Though clearly this is not always the case, it has always seemed to me that in conceptual art the idea itself and not the construction is often the powerful element, so I made a suggestion that the term dispersal could be taken in an alternative way. Though indeed the candles are dispersing, by passing on the information about this concept to others, the information itself is being dispersed. I suggested that this project could become an international dispersal if the idea was written about and the final record of it was posted on the blog. Unwittingly you have now become part of a conceptual art project, your brains being the medium!

So, the actual setup also benefits from a little explanation. Behind the candles is a picture called "Experiment with an Air Pump" by Joseph Wright which symbolises both the art of fine drawing and the art of the experiment. This picture ties in with the project again in the use of candles, though in another form and the skull mirrors the dispersal of information from one person's brain to another. The young girl covering her eyes symbolises the lost skills burning down before her.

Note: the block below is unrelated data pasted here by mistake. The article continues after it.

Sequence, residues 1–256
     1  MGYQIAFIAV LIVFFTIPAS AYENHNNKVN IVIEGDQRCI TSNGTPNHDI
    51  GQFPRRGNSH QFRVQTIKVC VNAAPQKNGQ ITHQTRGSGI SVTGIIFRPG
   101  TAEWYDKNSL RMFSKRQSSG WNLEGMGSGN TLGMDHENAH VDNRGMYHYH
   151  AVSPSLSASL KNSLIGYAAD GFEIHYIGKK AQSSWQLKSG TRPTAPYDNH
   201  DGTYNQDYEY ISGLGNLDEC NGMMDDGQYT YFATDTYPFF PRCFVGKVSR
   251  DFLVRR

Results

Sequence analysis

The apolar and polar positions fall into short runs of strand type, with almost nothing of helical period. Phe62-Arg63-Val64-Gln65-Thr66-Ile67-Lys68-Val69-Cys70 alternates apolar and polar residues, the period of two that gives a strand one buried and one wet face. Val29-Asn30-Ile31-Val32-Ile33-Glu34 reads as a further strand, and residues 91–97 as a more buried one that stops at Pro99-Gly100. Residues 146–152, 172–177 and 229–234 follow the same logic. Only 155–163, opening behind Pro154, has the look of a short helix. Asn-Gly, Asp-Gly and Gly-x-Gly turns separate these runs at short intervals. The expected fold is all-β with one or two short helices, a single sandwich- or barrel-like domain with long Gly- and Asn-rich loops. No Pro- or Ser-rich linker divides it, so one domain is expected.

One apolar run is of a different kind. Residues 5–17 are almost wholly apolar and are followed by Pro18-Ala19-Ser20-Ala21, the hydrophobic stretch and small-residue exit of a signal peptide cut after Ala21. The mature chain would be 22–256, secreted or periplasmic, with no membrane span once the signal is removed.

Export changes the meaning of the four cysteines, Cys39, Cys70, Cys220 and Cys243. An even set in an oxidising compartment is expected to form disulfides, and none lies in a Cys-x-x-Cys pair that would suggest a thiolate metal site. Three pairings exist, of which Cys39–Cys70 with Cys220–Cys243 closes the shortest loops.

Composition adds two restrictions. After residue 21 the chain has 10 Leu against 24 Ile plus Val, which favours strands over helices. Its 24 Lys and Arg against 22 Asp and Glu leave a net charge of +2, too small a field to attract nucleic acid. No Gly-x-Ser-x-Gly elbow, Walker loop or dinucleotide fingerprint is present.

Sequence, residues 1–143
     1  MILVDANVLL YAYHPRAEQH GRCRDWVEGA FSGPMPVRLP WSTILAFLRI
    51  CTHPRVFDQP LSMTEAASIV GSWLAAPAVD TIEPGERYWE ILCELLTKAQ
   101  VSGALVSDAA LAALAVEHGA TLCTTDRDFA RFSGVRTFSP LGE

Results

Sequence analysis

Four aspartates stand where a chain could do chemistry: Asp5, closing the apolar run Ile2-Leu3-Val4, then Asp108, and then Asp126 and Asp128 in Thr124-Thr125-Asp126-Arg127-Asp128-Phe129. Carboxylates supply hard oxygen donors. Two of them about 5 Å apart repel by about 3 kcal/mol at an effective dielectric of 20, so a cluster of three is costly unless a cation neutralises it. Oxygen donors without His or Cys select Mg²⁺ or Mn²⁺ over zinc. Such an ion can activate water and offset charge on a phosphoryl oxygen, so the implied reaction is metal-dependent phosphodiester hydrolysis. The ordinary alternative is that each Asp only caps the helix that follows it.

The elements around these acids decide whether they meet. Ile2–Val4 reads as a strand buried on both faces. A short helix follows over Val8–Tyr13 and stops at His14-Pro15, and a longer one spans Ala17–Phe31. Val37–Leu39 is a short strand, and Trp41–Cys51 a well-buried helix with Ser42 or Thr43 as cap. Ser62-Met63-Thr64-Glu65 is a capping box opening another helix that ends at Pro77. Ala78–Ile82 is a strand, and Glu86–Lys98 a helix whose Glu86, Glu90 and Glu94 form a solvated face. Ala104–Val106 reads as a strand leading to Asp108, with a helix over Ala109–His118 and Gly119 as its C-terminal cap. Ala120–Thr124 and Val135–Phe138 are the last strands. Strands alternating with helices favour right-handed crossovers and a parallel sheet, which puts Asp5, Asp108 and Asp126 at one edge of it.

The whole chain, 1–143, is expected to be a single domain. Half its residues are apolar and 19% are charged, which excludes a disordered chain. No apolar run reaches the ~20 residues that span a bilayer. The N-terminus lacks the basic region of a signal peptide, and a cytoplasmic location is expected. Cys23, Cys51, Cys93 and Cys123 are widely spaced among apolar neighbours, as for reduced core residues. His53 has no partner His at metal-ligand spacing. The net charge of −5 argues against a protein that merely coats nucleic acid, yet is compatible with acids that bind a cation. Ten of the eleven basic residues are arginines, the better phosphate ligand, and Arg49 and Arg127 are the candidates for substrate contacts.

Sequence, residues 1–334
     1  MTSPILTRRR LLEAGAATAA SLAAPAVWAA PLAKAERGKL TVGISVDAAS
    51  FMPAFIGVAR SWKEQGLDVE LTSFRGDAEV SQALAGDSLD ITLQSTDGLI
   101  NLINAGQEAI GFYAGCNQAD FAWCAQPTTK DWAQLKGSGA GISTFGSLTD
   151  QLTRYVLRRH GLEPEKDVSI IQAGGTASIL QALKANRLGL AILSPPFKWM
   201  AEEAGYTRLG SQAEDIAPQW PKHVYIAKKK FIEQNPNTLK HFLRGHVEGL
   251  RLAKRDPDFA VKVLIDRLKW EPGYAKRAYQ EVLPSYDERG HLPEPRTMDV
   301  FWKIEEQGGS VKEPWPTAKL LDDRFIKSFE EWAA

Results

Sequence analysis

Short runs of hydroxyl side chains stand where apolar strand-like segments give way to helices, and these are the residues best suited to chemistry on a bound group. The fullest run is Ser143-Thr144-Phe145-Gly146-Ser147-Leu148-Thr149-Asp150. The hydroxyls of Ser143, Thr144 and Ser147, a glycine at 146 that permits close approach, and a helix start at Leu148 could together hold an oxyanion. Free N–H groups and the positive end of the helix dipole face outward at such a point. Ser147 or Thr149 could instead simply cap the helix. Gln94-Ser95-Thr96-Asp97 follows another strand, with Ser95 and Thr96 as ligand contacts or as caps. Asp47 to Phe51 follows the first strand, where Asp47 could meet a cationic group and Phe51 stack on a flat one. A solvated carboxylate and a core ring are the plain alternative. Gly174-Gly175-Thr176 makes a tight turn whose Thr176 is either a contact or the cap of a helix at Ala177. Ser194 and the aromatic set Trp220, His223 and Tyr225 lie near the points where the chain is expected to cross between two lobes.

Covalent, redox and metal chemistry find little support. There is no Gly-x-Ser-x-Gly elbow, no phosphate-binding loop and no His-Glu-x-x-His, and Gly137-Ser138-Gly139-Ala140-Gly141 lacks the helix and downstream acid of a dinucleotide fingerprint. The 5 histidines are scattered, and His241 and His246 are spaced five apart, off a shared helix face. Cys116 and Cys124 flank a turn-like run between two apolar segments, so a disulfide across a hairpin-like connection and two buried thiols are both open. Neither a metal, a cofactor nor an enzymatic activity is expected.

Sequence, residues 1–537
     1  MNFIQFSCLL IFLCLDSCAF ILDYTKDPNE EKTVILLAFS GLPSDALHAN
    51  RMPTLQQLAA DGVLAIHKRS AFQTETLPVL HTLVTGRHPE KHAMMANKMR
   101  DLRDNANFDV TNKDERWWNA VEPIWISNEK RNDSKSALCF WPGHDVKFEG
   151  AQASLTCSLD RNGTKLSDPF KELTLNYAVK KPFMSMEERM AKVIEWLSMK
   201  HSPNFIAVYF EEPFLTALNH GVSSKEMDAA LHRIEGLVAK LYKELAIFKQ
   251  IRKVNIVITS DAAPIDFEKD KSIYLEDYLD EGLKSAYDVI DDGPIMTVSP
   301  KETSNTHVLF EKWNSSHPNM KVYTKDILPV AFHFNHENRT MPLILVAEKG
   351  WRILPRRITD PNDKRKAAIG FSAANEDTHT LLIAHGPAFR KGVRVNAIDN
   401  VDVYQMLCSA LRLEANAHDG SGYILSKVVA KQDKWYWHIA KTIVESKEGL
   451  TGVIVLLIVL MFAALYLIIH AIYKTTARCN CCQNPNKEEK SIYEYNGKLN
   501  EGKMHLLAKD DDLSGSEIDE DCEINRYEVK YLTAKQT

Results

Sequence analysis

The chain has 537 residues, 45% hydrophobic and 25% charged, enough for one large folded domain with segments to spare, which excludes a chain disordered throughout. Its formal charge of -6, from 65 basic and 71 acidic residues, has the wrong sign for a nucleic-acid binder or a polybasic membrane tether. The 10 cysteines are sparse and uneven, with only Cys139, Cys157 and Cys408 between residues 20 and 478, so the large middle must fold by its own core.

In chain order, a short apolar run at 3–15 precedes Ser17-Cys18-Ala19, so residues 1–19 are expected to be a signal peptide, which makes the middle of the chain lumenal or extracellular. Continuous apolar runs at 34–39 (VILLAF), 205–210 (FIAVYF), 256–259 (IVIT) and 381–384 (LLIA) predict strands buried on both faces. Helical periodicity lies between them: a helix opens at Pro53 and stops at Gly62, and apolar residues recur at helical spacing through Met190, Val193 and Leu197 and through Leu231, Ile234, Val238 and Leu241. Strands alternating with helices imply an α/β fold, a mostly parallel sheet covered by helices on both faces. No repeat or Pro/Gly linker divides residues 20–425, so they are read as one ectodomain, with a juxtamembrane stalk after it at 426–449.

The text in front says: "These candles are lit in memory of all those Art Schools that used to teach drawing and now have conceptual art as the main product of their courses. Their dispersal will symbolise the skills that their students will be left with at the end of the course."

So, without further ado I give you the photographs chronicling the dispersal of skills, as the idea itself is dispersed who knows where.

Thursday, October 19, 2006

Critical Points